The CBCT image showed the major advantages in evaluation of the early marks of dentin bridge formation on both the extracted tooth and the teeth on the actual patient under the circumstances of the present study. Although the ICC index of the two measurements on extracted or real teeth was moderate correlation, the CBCT scan with the voxel size of 0.1 mm3 was prospective modality for investigation of the pulp alteration on the real clinical patient. For our knowledge, this is the first study on the reparative dentin using CBCT in both extracted tooth and real tooth. Inherent drawback of CBCT scan was the artifact which interfered the actual outcome on the clinical situation, especially with heavy metal restoration. The background noise and lower contrast of the CBCT image made the interpretation of the delicate trace as early reparative dentin bridge becomes impossible. With the modern equipment and the tiny voxel size at low radiation, the result of the present study showed that the detection of the first dentin reparation mark could be completely performed, even on the actual patient in the real clinical situation. There was not a significant difference between extracted and actual clinical tooth on the reparative dentin volume, and there was a moderate correlation between these two data. This result revealed that the CBCT image could be used for the evaluation of the early reparative dentin sign on the clinical circumstance.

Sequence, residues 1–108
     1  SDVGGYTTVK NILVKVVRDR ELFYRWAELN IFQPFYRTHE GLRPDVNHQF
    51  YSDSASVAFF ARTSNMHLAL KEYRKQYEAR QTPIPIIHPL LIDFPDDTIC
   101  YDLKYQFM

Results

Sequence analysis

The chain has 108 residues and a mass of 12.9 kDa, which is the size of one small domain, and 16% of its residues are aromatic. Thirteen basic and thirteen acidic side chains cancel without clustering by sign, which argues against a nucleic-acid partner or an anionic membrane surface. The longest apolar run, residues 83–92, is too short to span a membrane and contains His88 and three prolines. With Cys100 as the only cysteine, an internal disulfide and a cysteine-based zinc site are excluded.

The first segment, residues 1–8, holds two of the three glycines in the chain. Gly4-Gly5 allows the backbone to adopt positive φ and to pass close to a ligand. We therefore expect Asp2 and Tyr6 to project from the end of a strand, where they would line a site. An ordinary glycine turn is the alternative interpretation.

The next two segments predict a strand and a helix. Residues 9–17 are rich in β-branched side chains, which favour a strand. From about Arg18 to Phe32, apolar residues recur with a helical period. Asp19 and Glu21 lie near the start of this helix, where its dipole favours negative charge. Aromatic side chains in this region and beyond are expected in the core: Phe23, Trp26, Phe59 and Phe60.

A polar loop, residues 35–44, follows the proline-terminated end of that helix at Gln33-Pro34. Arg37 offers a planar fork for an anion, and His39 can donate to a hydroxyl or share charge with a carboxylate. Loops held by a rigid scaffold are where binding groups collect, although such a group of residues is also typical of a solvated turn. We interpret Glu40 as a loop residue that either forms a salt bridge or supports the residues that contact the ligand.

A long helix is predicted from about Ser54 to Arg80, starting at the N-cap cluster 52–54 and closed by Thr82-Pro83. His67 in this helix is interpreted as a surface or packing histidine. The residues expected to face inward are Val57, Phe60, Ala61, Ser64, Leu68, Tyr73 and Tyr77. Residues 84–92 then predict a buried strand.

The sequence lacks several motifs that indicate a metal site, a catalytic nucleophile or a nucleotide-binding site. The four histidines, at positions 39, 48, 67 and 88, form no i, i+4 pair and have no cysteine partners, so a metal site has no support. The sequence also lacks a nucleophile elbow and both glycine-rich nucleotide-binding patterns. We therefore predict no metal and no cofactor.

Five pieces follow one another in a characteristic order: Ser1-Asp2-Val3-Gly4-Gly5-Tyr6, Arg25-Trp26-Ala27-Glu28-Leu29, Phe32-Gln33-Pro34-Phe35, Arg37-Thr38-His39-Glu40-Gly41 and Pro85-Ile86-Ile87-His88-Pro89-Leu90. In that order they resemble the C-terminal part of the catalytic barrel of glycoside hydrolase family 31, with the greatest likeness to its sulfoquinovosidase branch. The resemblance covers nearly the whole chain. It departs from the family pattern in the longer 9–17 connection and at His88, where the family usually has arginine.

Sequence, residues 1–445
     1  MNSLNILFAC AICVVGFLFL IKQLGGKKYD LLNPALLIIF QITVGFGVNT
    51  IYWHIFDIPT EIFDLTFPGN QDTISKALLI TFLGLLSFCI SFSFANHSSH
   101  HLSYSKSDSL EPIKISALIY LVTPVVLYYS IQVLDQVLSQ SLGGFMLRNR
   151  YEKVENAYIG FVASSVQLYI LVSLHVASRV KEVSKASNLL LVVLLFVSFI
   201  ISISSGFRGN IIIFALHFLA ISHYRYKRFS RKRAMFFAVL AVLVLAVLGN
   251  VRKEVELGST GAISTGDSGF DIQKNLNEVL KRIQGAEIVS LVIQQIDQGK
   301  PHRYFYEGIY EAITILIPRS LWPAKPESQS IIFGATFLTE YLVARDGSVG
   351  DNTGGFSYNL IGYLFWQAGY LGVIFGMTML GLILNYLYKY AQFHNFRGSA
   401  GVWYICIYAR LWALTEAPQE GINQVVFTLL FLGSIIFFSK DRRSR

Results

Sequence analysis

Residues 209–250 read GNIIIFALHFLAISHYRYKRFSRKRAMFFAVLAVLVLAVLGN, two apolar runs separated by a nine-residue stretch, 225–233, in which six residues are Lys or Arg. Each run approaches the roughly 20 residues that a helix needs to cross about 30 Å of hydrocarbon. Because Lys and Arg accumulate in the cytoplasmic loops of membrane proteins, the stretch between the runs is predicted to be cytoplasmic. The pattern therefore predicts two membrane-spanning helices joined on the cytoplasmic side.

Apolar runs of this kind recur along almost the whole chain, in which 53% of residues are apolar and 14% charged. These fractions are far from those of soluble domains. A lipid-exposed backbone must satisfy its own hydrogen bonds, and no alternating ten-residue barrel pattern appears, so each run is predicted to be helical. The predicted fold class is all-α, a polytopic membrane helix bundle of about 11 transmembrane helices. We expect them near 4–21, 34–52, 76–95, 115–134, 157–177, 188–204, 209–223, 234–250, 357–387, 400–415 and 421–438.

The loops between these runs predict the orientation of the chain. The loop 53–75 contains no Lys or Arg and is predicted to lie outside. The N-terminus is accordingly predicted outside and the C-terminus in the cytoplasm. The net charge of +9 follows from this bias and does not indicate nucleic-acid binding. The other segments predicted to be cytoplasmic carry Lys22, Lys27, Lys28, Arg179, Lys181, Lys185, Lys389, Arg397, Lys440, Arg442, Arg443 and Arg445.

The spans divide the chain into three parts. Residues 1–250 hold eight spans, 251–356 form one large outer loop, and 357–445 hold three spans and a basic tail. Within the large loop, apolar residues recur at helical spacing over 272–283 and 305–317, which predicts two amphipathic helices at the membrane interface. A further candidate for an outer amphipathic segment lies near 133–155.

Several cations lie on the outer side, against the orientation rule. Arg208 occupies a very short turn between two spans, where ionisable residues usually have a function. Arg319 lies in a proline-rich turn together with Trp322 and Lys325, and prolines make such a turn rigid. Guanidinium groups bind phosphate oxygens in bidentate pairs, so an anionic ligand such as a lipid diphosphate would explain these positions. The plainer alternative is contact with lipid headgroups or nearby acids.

The disadvantage of the present study was the small sample size, and the investigation was performed on the limit age range of the patient. The different voxel sizes were not conducted for the extracted tooth for the evaluation of the capability of the CBCT device was also a limitation of the present study. Further investigation of the reparative dentin bridge formation should be performed on the patient in a wider range of age, with a larger sample size, and at other voxel sizes of the CBCT scans. The randomized clinical trials should be conducted to compare the effectiveness of the Biodentine and other materials such as MTA or other calcium-sulfate materials. This kind of study should also be carried on the carious tooth without pulp inflammation to further confirm the characteristics of the Biodentine.